The film, which premiered last night, reunites Scott with his Step Brothers father, Richard Jenkins, and his Party Down pal, Jane Lynch, and also features Catherine O’Hara, The Office‘s Clark Duke, and 30 Rock‘s Ken Howard, among others.
In person, Poehler and Scott are much more like their Parks and Recreation characters, funny and friendly, offering a glass of red wine to a reporter (that may have been left behind by another journalist.) Before a Princess Bride style Battle of Wits could be staged over the dubious drink in question, the two actors were kind enough to discuss their new movie and Parks and Rec.
ENTERTAINMENT WEEKLY: Adam, you’re an executive producer on A.C.O.D. I’ve met a lot of producers, but for the life of me, I never really know exactly what they do because when I ask them, I get 100 different answers. So what did the executive producer do on this movie?
ADAM SCOTT: He got Amy Poehler to do the movie. READ FULL STORY
Sundance: What makes 'The Way, Way Back' a crowd-pleaser? Plus 'Pandora's Promise,' a radically sane and important documentary about how nuclear power could save us
The term “crowd-pleaser” should probably be retired from the movie universe. When a serviceable January horror flick like Mama can make $20 million its opening weekend (and that’s demonstrably in the off season), you can bet that virtually every film that opens week in and week out at number one is, in ticket sales and essence, a crowd-pleaser. So it seems unnecessary, or maybe just redundant, to single out any one film for fulfilling that definition. It would sort of be like referring to Twizzlers or popcorn as “popular movie junk food.” READ FULL STORY
Fans know funny guys Ashton Kutcher from That ’70s Show and Two and a Half Men, and Josh Gad from Broadway’s Book of Mormon and TV’s 1600 Penn, but they come together as a rolled up ball of friendship and genius-level nerd-tech intelligence as Apple co-founders Steve Jobs (Kutcher) and Steve Wozniak (Gad) – aka Woz — in jOBS, premiering Friday at the Sundance Film Festival. The movie hits theaters April 19.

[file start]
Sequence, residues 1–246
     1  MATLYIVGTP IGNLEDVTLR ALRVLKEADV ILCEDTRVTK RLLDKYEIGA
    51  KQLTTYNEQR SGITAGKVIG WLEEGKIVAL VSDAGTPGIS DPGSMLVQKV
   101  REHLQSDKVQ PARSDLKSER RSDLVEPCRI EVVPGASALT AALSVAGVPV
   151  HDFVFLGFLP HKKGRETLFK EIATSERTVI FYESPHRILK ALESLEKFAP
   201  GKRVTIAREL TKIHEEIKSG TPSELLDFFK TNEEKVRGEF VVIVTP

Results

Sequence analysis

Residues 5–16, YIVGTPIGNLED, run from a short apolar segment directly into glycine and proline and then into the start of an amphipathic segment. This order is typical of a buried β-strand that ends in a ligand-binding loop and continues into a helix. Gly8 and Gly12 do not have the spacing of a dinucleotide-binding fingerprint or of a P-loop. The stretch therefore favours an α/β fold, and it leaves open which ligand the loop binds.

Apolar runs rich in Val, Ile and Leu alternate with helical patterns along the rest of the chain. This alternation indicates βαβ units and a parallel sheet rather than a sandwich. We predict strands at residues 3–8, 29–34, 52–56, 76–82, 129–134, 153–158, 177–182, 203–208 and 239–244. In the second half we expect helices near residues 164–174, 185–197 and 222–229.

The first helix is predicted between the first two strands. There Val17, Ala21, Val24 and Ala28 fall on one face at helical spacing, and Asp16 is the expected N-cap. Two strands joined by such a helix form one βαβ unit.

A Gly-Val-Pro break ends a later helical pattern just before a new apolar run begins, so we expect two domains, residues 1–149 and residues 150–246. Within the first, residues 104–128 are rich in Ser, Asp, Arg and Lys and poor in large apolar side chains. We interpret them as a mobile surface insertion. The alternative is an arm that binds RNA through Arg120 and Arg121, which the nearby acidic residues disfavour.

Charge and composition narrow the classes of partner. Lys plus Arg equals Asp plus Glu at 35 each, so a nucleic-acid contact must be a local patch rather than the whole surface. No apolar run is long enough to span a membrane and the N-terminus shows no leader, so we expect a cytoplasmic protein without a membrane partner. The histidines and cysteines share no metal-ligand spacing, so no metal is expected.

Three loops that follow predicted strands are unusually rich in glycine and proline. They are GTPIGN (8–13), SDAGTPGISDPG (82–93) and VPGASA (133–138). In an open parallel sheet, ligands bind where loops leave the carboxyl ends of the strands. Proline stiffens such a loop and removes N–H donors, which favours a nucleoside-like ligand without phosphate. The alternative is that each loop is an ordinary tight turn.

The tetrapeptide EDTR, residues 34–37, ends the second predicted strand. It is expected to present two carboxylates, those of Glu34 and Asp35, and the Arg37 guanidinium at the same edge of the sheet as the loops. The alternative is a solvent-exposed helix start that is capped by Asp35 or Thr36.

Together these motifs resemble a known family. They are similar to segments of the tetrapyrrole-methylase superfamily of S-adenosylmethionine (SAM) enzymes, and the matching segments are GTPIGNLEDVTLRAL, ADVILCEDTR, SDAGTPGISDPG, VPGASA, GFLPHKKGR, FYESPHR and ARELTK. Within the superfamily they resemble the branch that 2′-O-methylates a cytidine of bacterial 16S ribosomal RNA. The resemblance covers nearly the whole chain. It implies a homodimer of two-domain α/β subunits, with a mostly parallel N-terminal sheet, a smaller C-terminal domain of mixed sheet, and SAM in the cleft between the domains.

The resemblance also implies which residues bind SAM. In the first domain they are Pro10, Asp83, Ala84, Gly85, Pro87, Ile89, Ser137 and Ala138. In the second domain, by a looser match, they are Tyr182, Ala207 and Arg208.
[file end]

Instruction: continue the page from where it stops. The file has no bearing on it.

Check out this exclusive clip from the movie, below, of Kutcher — all bright-eyed, bearded, and enthusiastic as Jobs — heatedly discussing with Gad’s Woz — less bright-eyed, and more puffy haired — in the parking lot of Hewlett Packard a new real-time computer operating system Woz created. “This is freedom! This is freedom to create, and to do and to build, as artists, as individuals,” exclaims Kutcher in the clip. “Look! You’re over-reacting! Even if you were developing this for freaks like us, and I doubt you are, nobody wants to buy a computer, nobody!” Gad shouts back. To which Kutcher replies, with all the passion of the real Jobs, ”How does somebody know what they want if they’ve never ever seen it?”
READ FULL STORY
Peter Sarsgaard is accustomed to playing unsavory characters, but the role of Linda Lovelace’s abusive husband in Lovelace, which premiered last night at the Sundance Film Festival, almost stopped him in his tracks. Chuck Traynor masterminded his wife’s pornography career and years after Deep Throat, Lovelace would accuse him of beating her and threatening to kill her if she ever tried to leave him or the sordid business that made her famous. “Being in the place where I am in my life, the role just wasn’t appealing,” says Sarsgaard, whose wife Maggie Gyllenhaal was pregnant with their second daughter when he was weighing the decision. “At the same time, I was having trouble saying no, so there’s obviously some part of me that is attracted to it.”